9

I have an int[] array of length N containing the values 0, 1, 2, .... (N-1), i.e. it represents a permutation of integer indexes.

What's the most efficient way to determine if the permutation has odd or even parity?

(I'm particularly keen to avoid allocating objects for temporary working space if possible....)

  • I guess the obvious O(n^2) algorithm is not appropriate, right? – chill Dec 20 '13 at 11:45
  • Correct - I've got an O(n^2) algorithm that needs temporary space already. I'm hoping some smart person here can do much better than that :-) – mikera Dec 20 '13 at 11:50
  • Related: cstheory.stackexchange.com/questions/27748/… – domotorp Dec 14 '14 at 20:03
8

I think you can do this in O(n) time and O(n) space by simply computing the cycle decomposition.

You can compute the cycle decomposition in O(n) by simply starting with the first element and following the path until you return to the start. This gives you the first cycle. Mark each node as visited as you follow the path.

Then repeat for the next unvisited node until all nodes are marked as visited.

The parity of a cycle of length k is (k-1)%2, so you can simply add up the parities of all the cycles you have discovered to find the parity of the overall permutation.

Saving space

One way of marking the nodes as visited would be to add N to each value in the array when it is visited. You would then be able to do a final tidying O(n) pass to turn all the numbers back to the original values.

  • Thanks, this approach seems to be the best, so I've marked this as the correct answer. I've also posted an answer below which includes some code / extra optimisations. – mikera Dec 21 '13 at 12:03
3

Consider this approach...

From the permutation, get the inverse permutation, by swapping the rows and sorting according to the top row order. This is O(nlogn)

Then, simulate performing the inverse permutation and count the swaps, for O(n). This should give the parity of the permutation, according to this

An even permutation can be obtained as the composition of an even number and only an even number of exchanges (called transpositions) of two elements, while an odd permutation be obtained by (only) an odd number of transpositions.

from Wikipedia.

Here's some code I had lying around, which performs an inverse permutation, I just modified it a bit to count swaps, you can just remove all mention of a, p contains the inverse permutation.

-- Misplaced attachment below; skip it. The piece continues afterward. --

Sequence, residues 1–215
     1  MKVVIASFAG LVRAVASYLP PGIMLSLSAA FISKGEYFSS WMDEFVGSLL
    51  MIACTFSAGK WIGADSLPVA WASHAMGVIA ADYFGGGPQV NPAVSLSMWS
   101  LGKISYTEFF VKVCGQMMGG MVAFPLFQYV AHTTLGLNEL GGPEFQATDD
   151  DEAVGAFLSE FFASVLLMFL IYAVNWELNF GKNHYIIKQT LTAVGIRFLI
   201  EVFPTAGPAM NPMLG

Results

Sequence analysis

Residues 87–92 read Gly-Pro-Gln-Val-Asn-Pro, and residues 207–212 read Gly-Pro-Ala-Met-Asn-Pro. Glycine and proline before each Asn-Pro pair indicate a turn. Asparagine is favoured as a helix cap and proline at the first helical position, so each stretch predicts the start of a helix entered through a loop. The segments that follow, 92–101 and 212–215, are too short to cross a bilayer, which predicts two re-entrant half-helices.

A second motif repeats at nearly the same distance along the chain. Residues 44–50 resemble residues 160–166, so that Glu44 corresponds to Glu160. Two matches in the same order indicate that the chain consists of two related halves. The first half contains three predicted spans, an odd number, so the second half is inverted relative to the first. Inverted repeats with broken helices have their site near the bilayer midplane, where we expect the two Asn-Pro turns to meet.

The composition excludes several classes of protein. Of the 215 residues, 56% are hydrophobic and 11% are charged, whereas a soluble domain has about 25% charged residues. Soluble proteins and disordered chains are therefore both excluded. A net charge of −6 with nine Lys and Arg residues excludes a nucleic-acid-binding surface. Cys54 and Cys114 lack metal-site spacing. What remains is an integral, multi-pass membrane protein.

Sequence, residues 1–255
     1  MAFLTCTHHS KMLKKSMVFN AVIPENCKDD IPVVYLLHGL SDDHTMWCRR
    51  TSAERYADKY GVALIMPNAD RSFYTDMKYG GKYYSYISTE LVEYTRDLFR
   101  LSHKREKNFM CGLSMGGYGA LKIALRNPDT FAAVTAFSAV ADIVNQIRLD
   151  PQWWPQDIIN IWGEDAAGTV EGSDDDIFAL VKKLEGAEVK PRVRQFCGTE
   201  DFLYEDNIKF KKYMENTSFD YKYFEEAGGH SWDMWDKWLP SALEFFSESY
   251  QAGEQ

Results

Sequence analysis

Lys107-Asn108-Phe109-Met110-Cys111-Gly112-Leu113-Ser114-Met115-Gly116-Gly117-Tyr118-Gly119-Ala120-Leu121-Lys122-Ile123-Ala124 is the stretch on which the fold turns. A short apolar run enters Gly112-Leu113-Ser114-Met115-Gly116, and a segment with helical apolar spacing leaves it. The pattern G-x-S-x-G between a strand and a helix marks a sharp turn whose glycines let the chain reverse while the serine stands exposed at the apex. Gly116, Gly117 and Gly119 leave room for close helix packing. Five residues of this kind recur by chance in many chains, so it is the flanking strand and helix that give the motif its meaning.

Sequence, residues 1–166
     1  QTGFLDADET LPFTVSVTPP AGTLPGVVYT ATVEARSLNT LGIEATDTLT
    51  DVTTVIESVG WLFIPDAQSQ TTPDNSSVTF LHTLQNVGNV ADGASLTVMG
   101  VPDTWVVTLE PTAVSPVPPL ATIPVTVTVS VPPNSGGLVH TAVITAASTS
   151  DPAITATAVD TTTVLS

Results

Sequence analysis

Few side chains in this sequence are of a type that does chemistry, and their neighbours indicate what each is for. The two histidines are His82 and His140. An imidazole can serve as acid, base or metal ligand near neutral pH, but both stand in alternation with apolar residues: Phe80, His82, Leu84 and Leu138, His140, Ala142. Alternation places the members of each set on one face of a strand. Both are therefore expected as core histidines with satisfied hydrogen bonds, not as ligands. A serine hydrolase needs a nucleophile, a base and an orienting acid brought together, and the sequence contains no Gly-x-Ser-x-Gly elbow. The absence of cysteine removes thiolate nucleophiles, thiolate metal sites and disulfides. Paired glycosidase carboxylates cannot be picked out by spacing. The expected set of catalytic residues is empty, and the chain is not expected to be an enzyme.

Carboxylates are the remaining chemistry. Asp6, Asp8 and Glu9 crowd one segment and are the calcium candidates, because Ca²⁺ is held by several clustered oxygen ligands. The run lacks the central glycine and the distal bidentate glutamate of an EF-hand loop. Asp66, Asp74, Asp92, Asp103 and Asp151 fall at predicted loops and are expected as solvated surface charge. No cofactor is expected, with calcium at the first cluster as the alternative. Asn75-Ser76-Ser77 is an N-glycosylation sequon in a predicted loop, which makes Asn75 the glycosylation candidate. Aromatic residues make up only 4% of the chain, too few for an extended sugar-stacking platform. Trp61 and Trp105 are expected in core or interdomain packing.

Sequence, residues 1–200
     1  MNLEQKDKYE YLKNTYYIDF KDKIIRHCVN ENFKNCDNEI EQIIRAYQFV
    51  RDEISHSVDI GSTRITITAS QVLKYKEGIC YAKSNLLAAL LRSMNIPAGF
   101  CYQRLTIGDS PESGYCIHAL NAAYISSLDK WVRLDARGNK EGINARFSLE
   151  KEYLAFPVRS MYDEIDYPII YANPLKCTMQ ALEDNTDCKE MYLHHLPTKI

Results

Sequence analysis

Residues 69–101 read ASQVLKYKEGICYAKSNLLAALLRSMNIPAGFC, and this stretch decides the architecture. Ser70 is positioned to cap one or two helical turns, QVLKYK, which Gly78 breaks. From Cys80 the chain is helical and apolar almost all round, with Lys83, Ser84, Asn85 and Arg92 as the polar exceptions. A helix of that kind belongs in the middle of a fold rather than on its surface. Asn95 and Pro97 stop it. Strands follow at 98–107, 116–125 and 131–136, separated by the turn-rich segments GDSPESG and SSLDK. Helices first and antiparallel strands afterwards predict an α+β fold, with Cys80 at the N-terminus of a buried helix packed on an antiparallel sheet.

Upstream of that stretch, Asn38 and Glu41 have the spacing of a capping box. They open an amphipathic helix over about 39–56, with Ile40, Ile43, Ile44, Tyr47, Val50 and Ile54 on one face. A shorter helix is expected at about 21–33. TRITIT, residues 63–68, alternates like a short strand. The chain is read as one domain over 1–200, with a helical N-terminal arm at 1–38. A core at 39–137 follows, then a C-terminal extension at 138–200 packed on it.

size_t
permute_inverse (std::vector<int> &a, std::vector<size_t> &p) {
    size_t cnt = 0
    for (size_t i = 0; i < a.size(); ++i) {
        while (i != p[i]) {
            ++cnt;
            std::swap (a[i], a[p[i]]);
            std::swap (p[i], p[p[i]]);
        }
    }
    return cnt;
}
2

You want the parity of the number of inversions. You can do this in O(n * log n) time using merge sort, but either you lose the initial array, or you need extra memory on the order of O(n).

A simple algorithm that uses O(n) extra space and is O(n * log n):

inv = 0
mergesort A into a copy B
for i from 1 to length(A):
    binary search for position j of A[i] in B
    remove B[j] from B
    inv = inv + (j - 1)

That said, I don't think it's possible to do it in sublinear memory. See also:

0

I selected the answer by Peter de Rivaz as the correct answer as this was the algorithmic approach I ended up using.

However I used a couple of extra optimisations so I thought I would share them:

  • Examine the size of data first
  • If it is greater than 64, use a java.util.BitSet to store the visited elements
  • If it is less than or equal to 64, use a long with bitwise operations to store the visited elements. This makes it O(1) space for many applications that only use small permutations.
  • Actually return the swap count rather than the parity. This gives you the parity if you need it, but is potentially useful for other purposes, and is no more expensive to compute.

Code below:

public int swapCount() {
    if (length()<=64) {
        return swapCountSmall();
    } else {
        return swapCountLong();
    }
}

private int swapCountLong() {
    int n=length();
    int swaps=0;
    BitSet seen=new BitSet(n);
    for (int i=0; i<n; i++) {
        if (seen.get(i)) continue;
        seen.set(i);
        for(int j=data[i]; !seen.get(j); j=data[j]) {
            seen.set(j);
            swaps++;
        }       
    }
    return swaps;
}

private int swapCountSmall() {
    int n=length();
    int swaps=0;
    long seen=0;
    for (int i=0; i<n; i++) {
        long mask=(1L<<i);
        if ((seen&mask)!=0) continue;
        seen|=mask;
        for(int j=data[i]; (seen&(1L<<j))==0; j=data[j]) {
            seen|=(1L<<j);
            swaps++;
        }       
    }
    return swaps;
}

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